Nepal | June 18, 2019

Nepal, Japan to hold talks on labour pact

Kathmandu, January 15

A high-level Japanese government technical team has arrived in Kathmandu today to hold extensive discussions regarding a bilateral labour agreement with concerned Nepali authorities.

The four-member team from Japan includes two representatives each from its Ministry of Foreign Affairs and the Ministry of Justice.

According to high-level officials from the Ministry of Labour, Employment and Social Security, both the nations are scheduled to hold discussions on the memorandum of cooperation, which  the Japanese government had earlier forwarded to the Nepali government.

As per the officials, the memorandum of cooperation mentions the minimum requirement for Nepali migrants to be eligible to seek jobs in Japan.

According to one of the sources, the technical team is scheduled to hold comprehensive discussions on labour quota that Japan intends to allocate for Nepal, sectors that will  absorb Nepali workers and whether the government or the private sector will oversee the migration process to Japan.

“I believe that the authorities of both the nations will finalise the modality of supplying workers and other legal issues, and also hold discussions on the sectors that Nepali workers will be employed in,” the source said. He added that the priority of the Nepali team will be to adopt a government-to-government (G2G) model to recruit Nepali migrant workers for various technical and non-technical jobs in Japan.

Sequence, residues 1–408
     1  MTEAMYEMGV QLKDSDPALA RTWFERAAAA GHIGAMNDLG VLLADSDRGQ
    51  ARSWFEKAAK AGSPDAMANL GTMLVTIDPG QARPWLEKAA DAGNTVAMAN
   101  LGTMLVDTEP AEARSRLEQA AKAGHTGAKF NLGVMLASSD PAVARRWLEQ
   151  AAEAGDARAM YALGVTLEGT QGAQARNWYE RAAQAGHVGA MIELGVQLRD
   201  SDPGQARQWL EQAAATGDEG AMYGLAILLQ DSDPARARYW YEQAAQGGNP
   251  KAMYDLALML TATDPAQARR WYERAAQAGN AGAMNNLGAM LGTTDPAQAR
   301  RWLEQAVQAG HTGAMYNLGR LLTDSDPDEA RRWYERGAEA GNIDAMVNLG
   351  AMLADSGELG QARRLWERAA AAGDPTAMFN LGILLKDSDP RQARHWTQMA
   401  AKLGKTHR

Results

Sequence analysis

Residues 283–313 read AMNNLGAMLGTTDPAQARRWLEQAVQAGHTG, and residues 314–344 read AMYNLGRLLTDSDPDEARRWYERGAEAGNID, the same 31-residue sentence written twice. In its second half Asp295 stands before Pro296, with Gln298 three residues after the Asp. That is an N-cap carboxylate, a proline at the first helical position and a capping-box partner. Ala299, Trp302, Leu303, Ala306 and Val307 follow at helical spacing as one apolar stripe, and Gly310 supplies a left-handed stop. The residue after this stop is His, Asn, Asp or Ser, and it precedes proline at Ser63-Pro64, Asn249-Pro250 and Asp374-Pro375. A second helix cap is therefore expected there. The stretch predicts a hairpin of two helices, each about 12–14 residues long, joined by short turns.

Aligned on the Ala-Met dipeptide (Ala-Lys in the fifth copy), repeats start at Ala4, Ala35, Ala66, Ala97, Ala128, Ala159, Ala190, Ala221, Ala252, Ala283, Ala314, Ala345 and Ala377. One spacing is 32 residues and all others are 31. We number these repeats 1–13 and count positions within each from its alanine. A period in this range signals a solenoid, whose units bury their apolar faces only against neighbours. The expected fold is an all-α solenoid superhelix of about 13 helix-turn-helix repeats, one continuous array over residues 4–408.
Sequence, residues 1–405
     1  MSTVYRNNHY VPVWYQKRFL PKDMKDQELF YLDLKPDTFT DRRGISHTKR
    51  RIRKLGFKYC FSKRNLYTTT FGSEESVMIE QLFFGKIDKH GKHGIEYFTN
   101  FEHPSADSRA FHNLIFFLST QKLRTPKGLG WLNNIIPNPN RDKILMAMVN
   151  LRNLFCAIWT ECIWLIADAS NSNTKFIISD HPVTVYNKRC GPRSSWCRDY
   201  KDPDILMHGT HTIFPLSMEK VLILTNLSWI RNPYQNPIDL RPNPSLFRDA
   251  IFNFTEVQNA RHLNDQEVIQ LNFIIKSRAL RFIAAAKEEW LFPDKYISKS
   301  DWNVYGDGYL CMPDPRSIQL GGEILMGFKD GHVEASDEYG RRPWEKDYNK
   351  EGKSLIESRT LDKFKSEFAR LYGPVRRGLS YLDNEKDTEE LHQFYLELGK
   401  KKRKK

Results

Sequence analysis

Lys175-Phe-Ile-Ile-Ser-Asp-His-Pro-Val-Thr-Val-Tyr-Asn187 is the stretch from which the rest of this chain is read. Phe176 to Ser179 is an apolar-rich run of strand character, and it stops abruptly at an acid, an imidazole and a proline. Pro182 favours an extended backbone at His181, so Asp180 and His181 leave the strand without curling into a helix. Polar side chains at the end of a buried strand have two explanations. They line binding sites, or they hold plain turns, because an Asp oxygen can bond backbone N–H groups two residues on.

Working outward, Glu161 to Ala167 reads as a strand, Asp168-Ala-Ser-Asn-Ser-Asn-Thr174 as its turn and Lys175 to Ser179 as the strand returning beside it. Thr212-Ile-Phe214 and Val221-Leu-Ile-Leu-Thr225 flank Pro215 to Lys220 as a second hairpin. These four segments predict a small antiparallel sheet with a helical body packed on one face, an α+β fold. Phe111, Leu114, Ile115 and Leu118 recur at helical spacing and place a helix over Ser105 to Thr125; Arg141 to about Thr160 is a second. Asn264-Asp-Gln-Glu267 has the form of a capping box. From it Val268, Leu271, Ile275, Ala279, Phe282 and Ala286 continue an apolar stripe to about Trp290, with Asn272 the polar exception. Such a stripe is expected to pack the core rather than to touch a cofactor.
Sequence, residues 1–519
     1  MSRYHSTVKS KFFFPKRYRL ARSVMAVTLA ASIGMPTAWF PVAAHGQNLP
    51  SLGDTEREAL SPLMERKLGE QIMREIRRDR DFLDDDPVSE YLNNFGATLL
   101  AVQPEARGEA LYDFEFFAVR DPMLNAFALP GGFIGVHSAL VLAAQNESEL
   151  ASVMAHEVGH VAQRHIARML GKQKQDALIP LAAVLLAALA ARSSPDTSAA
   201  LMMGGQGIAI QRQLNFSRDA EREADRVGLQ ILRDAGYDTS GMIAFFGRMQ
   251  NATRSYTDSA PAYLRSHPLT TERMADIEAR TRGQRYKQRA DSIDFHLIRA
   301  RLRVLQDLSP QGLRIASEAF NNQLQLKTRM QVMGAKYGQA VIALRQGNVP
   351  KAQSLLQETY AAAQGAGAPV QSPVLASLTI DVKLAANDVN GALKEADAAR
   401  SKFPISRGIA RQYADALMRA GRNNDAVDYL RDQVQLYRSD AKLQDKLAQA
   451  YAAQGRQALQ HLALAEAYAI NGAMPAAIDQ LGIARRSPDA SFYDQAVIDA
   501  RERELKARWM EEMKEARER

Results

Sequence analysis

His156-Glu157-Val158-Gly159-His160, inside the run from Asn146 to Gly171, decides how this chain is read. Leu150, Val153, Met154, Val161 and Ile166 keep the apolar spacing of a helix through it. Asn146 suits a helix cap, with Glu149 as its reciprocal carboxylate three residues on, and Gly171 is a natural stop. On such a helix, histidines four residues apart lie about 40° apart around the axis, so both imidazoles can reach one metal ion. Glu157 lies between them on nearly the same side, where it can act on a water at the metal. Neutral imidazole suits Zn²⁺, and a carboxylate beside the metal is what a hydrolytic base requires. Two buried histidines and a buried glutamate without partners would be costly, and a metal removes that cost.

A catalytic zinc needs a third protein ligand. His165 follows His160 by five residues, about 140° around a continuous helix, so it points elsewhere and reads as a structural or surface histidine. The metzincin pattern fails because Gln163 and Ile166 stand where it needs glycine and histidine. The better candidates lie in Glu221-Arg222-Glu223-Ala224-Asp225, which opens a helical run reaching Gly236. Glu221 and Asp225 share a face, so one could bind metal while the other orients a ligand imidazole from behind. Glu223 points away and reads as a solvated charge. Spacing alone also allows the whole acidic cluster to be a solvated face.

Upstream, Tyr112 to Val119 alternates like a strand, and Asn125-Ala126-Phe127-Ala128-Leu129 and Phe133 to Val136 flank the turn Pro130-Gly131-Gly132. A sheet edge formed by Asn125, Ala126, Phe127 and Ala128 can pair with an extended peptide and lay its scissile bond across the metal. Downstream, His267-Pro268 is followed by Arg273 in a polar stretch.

Nepal had formally proposed to the Japanese government on April 4 last year to follow a model similar to South Korea’s Employment Permit System (EPS) to recruit Nepali workers.

Currently, Japanese companies recruit Nepali workers through various recruitment agencies.

Recently, on January 9, Minister for Foreign Affairs Pradeep Gyawali had held talks with his Japanese counterpart Taro Kono, who was on a two-day official visit to Nepal, and both had agreed to hold extensive discussions on bilateral labour issues, among others.


Follow The Himalayan Times on Twitter and Facebook

Recommended Stories: